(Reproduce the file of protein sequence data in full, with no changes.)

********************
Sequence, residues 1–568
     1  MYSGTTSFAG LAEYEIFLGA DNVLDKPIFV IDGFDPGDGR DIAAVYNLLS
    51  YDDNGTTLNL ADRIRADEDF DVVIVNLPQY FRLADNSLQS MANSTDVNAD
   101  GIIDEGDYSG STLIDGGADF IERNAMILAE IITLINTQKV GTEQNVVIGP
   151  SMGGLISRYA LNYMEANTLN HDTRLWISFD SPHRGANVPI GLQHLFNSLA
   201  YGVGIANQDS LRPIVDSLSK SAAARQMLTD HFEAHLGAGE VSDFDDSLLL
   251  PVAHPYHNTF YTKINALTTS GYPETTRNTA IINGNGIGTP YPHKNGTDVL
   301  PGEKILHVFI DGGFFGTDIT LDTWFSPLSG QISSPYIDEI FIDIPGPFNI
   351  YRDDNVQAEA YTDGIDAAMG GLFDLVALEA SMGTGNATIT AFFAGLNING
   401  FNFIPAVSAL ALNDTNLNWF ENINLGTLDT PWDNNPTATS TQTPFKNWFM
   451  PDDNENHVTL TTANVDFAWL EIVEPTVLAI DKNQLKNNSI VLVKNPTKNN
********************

Sequence, residues 1–568
     1  MYSGTTSFAG LAEYEIFLGA DNVLDKPIFV IDGFDPGDGR DIAAVYNLLS
    51  YDDNGTTLNL ADRIRADEDF DVVIVNLPQY FRLADNSLQS MANSTDVNAD
   101  GIIDEGDYSG STLIDGGADF IERNAMILAE IITLINTQKV GTEQNVVIGP
   151  SMGGLISRYA LNYMEANTLN HDTRLWISFD SPHRGANVPI GLQHLFNSLA
   201  YGVGIANQDS LRPIVDSLSK SAAARQMLTD HFEAHLGAGE VSDFDDSLLL
   251  PVAHPYHNTF YTKINALTTS GYPETTRNTA IINGNGIGTP YPHKNGTDVL
   301  PGEKILHVFI DGGFFGTDIT LDTWFSPLSG QISSPYIDEI FIDIPGPFNI
   351  YRDDNVQAEA YTDGIDAAMG GLFDLVALEA SMGTGNATIT AFFAGLNING
   401  FNFIPAVSAL ALNDTNLNWF ENINLGTLDT PWDNNPTATS TQTPFKNWFM
   451  PDDNENHVTL TTANVDFAWL EIVEPTVLAI DKNQLKNNSI VLVKNPTKNN